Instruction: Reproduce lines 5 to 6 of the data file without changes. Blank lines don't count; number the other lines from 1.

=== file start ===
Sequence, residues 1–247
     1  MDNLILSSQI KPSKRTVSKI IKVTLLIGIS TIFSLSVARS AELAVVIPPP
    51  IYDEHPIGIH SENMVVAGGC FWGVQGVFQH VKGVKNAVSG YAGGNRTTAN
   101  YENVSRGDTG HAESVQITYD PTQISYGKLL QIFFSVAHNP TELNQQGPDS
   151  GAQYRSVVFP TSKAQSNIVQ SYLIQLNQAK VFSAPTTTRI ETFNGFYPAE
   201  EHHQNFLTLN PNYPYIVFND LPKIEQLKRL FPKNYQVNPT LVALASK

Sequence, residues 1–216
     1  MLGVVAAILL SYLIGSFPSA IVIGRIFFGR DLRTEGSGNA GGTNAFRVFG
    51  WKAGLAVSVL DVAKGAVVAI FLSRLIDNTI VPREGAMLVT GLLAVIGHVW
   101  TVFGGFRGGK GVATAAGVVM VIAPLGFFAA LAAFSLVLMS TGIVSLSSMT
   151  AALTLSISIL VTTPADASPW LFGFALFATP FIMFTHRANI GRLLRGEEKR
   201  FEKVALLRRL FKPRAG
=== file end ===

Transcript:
   151  GAQYRSVVFP TSKAQSNIVQ SYLIQLNQAK VFSAPTTTRI ETFNGFYPAE
   201  EHHQNFLTLN PNYPYIVFND LPKIEQLKRL FPKNYQVNPT LVALASK